San Diego Chargers Training Camp Profile: Danny Woodhead
When teams bring in competition for the incumbent starter at any given position, one of two things happens: either the player steps up and turns into the player the team has always wanted or the player crumbles under the pressure and fades into oblivion. The San Diego Chargers’ decision to sign Danny Woodhead this offseason signaled such an oncoming event for current running back Ryan Mathews, but Woodhead doesn’t really care much about that.
The former New England Patriots’ Jack-of-all-trades figures to have quite an extensive role with the Chargers in the upcoming season. Woodhead has never had more than 547 yards on the ground in any one season nor has he ever had more than 446 yards receiving in any one year, but the Chargers have to like having that type of versatility at their disposal.
Woodhead seems like a shoe-in to have around 100 carries and 50 catches with the Bolts in the upcoming season, and given the fact that quarterback Philip Rivers has been under a ridiculous amount of pressure in recent years, perhaps he will get even more catches as an outlet receiver. The health of Mathews could also play a role in his total number of touches with the incumbent starter missing 10 games over his first three years in the NFL.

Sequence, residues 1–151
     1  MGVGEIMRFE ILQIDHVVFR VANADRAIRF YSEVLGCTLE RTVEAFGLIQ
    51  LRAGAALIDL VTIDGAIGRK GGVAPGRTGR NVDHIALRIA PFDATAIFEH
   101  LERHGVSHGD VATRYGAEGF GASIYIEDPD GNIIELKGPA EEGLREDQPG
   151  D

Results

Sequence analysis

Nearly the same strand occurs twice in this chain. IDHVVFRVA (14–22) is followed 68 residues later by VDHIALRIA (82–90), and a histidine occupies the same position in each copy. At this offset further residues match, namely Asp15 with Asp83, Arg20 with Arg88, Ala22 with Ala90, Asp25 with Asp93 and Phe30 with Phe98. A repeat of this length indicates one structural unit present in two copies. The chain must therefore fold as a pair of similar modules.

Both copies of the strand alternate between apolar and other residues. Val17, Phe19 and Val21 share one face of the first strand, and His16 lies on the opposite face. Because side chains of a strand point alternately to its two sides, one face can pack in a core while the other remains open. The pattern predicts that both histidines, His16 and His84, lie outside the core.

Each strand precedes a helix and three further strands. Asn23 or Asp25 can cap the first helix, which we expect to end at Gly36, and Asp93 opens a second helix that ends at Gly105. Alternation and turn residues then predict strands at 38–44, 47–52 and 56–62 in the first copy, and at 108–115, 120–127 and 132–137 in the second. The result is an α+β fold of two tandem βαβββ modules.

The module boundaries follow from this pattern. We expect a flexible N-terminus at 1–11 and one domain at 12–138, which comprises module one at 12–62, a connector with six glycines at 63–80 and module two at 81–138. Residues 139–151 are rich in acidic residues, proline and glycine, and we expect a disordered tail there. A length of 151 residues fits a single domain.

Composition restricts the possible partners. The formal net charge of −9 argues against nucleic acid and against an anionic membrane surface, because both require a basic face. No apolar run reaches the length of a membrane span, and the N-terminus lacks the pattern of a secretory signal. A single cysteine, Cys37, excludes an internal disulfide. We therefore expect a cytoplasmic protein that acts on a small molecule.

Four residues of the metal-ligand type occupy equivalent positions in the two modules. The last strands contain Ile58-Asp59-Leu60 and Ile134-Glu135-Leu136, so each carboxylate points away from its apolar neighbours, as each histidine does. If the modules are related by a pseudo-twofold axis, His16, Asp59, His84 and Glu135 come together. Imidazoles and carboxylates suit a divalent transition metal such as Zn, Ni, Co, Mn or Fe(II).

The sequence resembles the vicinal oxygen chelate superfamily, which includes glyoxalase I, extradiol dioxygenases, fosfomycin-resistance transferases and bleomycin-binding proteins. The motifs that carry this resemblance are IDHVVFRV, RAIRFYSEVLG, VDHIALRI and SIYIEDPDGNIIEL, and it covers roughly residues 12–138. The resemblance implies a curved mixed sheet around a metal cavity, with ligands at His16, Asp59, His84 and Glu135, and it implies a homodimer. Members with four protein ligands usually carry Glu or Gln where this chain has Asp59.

Trying to pretend that the competition in training camp will involve anyone other than these two backs is simply not being truthful. Ronnie Brown will certainly still see some snaps on third down where he is quite effective, but Woodhead figures to dominate that role as well if all goes according to plan.
Preseason more than training camp may be where this battle is ultimately won. That was where everything came unraveled for Mathews a year ago as he fractured his clavicle on his first carry of live game action. If both backs emerge from the four games of preseason unscathed it really is anybody’s game, but if an injury again occurs, Woodhead will be called upon to take up the workload.
This really is going to be a shared backfield in 2013, and the Chargers need to be glad that the same adage for quarterbacks doesn’t hold true for running backs. If you have two, you actually have two when it comes to ball carriers, and that should really benefit San Diego in the upcoming season.